The people of the villages in Mithila decorated their homes with mural paintings called Madhubani.
A major drought that occurred in 1966-68 shook Madhubani and its adjoining parts and the place fell into ecological and economical crisis. The All-India Handicrafts Board encouraged the women artists to produce their work on paper for commercial sale thereby creating a new source of income for them. This gave this art form wide exposure and became popularized all over the world.
Gradually, Madhubani paintings made use of other mediums and motifs like greeting cards, dress materials, sun mica, pottery, wooden box etc. Today’s artists paint without any preliminary sketching. Though natural colours and twigs are being replaced by artificial paints and brushes, the subject of Madhubani paintings remain untouched.
Attributes characterizing almost all Madhubani paintings
- Use of bold, natural and artificial colors.
- A double line border with simple geometric designs or with ornate floral patterns in it.
- Symbols, lines and patterns supporting the main theme filling the entire vacant space. No empty space can be spotted.
- Abstract like figures of deities or human.
- The faces of the figures have large bulging eyes and a jolting nose emerging out the forehead.
Though there were no class artists and much difference in subjects practiced, Madhubani paintings were classified into three types depending upon the caste to which artists belong; Kayastha tradition, Brahmin tradition and The Tattoo Tradition called Goidana.
Do you like Madhubani painting?
Madhubani painting for kids
Several templates of Madhubani paintings are available now-a-days in the market. Kids can paint them or do stuffing with attractive materials on them. A Sandsational Madhubani Kit is the professional painting kit meant for promoting our heritage art. Using coloured sand and white adhesive, the templates are decorated by gluing and tapping off the excess sand from the paper.
Here I’ve created a Madhubani art for kidsthat I think would be interesting and useful for them. This art upon completion can be used as a wall hanging.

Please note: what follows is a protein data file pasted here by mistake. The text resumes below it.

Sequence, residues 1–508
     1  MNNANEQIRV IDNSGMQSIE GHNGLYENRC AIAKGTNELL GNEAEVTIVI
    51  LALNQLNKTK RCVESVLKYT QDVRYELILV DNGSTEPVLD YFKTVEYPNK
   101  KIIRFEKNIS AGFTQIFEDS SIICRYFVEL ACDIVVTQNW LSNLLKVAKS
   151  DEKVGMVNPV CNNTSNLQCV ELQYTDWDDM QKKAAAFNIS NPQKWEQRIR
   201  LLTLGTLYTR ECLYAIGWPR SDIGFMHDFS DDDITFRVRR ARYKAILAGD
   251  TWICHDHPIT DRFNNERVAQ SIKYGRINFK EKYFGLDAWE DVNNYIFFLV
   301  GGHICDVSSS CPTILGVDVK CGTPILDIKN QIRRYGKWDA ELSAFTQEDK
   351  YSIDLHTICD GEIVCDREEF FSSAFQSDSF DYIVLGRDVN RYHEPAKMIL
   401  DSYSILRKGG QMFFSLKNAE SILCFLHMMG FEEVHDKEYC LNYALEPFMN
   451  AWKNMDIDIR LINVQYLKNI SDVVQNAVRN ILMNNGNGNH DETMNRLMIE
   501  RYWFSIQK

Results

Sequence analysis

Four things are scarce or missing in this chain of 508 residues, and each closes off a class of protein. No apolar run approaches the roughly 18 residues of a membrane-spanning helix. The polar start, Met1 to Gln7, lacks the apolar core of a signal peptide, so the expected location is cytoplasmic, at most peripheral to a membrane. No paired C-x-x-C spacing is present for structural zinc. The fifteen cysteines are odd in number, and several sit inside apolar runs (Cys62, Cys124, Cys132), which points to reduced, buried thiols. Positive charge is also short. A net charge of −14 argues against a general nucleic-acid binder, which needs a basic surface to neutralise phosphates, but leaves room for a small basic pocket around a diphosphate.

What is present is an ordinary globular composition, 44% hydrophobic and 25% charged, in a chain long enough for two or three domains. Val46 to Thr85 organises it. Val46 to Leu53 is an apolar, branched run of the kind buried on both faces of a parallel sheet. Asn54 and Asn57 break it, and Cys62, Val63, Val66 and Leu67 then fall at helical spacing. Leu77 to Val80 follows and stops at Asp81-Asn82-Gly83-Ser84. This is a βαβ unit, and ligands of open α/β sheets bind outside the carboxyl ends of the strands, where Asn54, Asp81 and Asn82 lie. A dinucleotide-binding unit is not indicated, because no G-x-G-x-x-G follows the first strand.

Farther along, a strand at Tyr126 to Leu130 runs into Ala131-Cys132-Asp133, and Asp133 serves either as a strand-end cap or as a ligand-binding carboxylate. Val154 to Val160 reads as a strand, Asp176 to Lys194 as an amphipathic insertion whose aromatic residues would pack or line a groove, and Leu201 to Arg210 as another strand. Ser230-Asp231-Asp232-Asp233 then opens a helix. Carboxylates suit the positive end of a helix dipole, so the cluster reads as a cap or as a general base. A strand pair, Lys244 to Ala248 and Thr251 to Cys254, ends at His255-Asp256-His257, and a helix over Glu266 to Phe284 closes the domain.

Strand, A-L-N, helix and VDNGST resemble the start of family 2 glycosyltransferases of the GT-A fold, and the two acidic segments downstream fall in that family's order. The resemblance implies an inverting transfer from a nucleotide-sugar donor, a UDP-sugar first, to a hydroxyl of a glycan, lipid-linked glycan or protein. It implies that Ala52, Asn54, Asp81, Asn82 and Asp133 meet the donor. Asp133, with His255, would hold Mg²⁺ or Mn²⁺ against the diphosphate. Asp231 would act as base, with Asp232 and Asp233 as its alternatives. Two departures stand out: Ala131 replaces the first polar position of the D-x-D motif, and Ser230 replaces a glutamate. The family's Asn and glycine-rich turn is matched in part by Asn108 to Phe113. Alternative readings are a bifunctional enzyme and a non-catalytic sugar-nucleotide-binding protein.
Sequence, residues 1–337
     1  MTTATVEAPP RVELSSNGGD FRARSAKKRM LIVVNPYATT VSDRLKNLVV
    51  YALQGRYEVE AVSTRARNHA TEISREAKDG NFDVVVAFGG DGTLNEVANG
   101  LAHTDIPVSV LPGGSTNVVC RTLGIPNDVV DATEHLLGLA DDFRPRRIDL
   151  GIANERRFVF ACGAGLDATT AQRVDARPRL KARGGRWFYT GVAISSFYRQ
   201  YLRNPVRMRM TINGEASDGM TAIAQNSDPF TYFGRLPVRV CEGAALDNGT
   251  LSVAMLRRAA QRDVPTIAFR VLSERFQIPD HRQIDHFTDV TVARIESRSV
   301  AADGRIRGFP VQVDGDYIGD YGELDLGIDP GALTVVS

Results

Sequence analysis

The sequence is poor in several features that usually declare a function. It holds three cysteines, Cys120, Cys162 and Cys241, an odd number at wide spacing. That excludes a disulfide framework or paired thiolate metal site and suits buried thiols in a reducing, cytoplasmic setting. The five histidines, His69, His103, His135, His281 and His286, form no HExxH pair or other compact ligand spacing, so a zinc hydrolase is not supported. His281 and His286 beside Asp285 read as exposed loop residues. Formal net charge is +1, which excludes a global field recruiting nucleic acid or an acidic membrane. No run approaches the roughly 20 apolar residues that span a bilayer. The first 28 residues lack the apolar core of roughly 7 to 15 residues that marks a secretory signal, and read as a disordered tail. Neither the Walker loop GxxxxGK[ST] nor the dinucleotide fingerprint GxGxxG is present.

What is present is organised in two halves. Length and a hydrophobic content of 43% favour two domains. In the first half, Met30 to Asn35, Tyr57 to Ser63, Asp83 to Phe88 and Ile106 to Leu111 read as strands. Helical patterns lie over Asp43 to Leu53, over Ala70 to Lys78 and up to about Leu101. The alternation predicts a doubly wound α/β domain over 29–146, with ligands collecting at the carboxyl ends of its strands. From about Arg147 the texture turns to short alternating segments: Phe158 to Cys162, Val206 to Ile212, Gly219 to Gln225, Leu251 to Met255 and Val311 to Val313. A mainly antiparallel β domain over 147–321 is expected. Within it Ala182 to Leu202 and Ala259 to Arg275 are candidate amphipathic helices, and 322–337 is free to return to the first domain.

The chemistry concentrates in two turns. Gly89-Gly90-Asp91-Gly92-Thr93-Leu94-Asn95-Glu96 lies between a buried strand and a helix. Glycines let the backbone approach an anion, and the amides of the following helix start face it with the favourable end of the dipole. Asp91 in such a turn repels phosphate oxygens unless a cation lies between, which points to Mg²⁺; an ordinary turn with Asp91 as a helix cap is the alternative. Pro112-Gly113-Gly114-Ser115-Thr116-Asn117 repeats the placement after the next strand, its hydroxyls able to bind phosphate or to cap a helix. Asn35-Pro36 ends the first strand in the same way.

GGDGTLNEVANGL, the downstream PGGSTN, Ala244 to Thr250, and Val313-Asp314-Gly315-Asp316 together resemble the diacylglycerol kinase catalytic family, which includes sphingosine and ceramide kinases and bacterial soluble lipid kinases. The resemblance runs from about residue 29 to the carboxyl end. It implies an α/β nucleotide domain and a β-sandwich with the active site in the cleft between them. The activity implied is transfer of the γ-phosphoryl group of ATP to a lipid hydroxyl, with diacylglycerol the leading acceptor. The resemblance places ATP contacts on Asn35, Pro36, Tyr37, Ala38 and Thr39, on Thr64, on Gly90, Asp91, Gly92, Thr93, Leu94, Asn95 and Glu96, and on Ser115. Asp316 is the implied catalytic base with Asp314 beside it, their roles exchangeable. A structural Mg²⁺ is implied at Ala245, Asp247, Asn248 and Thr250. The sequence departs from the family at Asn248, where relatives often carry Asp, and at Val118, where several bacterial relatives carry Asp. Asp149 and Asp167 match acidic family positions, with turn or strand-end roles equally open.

The main theme of this template is a peacock, the symbol of eternity. Flowers and leaves surround it filling the gap following the tradition of Madhubani art. The decorative materials used include golden threads, pearls, stones, leaves (artificial), embroidery woolen threads, crepe balls and lace.
- Draw a peacock using linear shapes and should not look real.
- Surround the peacock with pictures of several flowers and leaflets.
- Mark the outline using a black sketch pen.
- Apply white adhesive over the leaves with a brush as shown in the picture.
- Glue small leaves over it.
- Next, glue bigger leaves to the stem of the adjacent flower.
- Now, glue the green thread over the stem of all leaflets.
- Glue red color thread through the outline of the petals of all flowers.
- Embellish the peacock with red color thread for the beak and blue color thread for the crest, neck and body.
- Finally, finish decorating its body using red and blue colored pearls and outline the long tail with golden lace. Blue color stones are used for decorating its feathers. The receptacles of the flowers also are decorated with red and purple stones.
Even if Industrialization and modernization have hidden the growth of Madhubani paintings, they’re given wide exposure as they form the rich cultural heritage of India. These heritage style paintings are contemporary, modern art paintings also can be obtained from it. Madhubani painting can be time-consuming and backbreaking, but the visual treat it provides is beyond words or inexplicable.
Bharti Dayal (National award winner) painting Madhubani in a paper
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© 2013 Radhika Sreekanth